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Eighth Macon school officer position goes to Nantahala

Robert Holland has been pushing to place a resource officer in every school for years — long before the Sandy Hook school shooting tragedy catapulted cops in schools to the top of county funding debates, and even before assuming the sheriff’s badge in 2002, when he served as a deputy and juvenile detective.


“I personally am a direct result of SROs,” Holland said. “My father died when I was very young. Because of the officers who worked in my school, who could have taken me to the curb, they were there for me. I looked up to them and said, ‘I want to be like you.’”

Holland achieved that dream, and as sheriff he’s made SRO positions a top priority, even as the recession has cut the wiggle room out of county budgets. 

Today, eight of Macon County’s 11 public schools have one. The latest to join the list was Nantahala School, where an SRO position has just been added, thanks to a state grant.

Nantahala is a K-12 school, and at 45 minutes away from Franklin, its rural location makes it important to have someone on site to respond in an emergency situation, Holland said.  

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The School Resource Officer Matching Grant providing $39,722 for the SRO, contingent on a one-third match from the county of $18,185. That’s $26,000 short of the full $84,000 cost of adding a position, a figure that includes salary, training and a patrol car. However, Holland told county commissioners last month that he’ll make it work.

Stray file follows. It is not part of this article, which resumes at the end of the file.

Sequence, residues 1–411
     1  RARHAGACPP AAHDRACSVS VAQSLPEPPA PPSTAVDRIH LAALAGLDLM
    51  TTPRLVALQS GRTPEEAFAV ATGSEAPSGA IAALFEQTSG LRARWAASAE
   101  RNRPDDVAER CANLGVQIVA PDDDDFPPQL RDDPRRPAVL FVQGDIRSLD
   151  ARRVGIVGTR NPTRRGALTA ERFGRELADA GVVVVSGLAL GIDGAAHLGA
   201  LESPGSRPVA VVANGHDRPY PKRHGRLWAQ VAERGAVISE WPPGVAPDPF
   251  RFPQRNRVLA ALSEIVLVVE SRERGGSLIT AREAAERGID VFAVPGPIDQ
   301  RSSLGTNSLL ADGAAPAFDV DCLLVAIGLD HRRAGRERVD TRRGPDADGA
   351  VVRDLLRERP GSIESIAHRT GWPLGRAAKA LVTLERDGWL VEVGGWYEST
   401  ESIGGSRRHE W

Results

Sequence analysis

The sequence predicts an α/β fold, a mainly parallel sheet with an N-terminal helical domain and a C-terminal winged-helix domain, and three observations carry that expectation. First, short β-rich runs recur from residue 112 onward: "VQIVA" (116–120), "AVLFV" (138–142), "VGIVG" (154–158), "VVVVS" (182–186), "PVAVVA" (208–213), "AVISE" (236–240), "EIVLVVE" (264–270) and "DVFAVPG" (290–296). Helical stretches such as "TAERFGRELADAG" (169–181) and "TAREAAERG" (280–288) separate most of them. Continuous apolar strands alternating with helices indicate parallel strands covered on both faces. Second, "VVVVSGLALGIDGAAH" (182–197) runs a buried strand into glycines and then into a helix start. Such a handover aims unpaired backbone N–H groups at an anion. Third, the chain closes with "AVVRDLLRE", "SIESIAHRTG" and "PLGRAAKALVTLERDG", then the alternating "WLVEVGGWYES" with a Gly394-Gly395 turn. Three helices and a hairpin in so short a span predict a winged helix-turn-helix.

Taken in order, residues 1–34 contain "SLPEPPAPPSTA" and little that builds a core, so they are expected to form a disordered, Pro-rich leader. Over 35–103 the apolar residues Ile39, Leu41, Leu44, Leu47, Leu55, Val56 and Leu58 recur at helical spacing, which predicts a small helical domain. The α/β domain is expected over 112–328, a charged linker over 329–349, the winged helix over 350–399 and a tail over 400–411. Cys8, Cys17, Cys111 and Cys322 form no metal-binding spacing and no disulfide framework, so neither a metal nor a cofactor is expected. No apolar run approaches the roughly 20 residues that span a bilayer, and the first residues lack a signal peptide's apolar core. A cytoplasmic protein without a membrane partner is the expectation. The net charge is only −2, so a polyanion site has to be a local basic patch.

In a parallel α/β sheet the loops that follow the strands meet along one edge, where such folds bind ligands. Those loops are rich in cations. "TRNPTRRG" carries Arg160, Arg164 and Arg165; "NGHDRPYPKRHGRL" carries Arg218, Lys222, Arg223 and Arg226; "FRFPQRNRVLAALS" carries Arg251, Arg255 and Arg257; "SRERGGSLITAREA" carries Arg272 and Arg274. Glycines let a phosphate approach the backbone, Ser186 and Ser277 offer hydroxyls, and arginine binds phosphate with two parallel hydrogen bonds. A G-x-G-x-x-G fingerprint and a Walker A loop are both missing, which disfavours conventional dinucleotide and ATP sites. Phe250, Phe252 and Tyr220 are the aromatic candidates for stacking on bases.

“I’ll find that in my current budget,” he said. “I’ll find a vehicle. It may be a dilapidated vehicle, but I’ll find a vehicle.”

The grant, which the school district obtained from the N.C. Department of Public Instruction, will only last for one year. Presumably, the county would have to pick up the tab after that. 

“This is a goal we’ve had for a long time,” Commissioner Ronnie Beale said in support of school resource officers. One county commissioner, Paul Higdon, voted against it, citing the continued cost the county will have to absorb.

An SRO’s role is multi-faceted, Holland said, adding that it’s vital to have the presence in each school.

“A lot of people think it’s because of stopping an active shooter,” he said. “That’s just a small part of it.”

Having an officer there means that there’s somebody to give the quick response — most incidents last only two or three minutes — needed to stop a violent person, but the officer also provides a stable presence for students, gives advice on law enforcement issues, helps teachers handle student behavior issues and can be involved in prevention programs as well. 

“I know the benefits of an SRO, because I’ve lived it,” he said. “I have said for many years my goal is to have an SRO in every school.”

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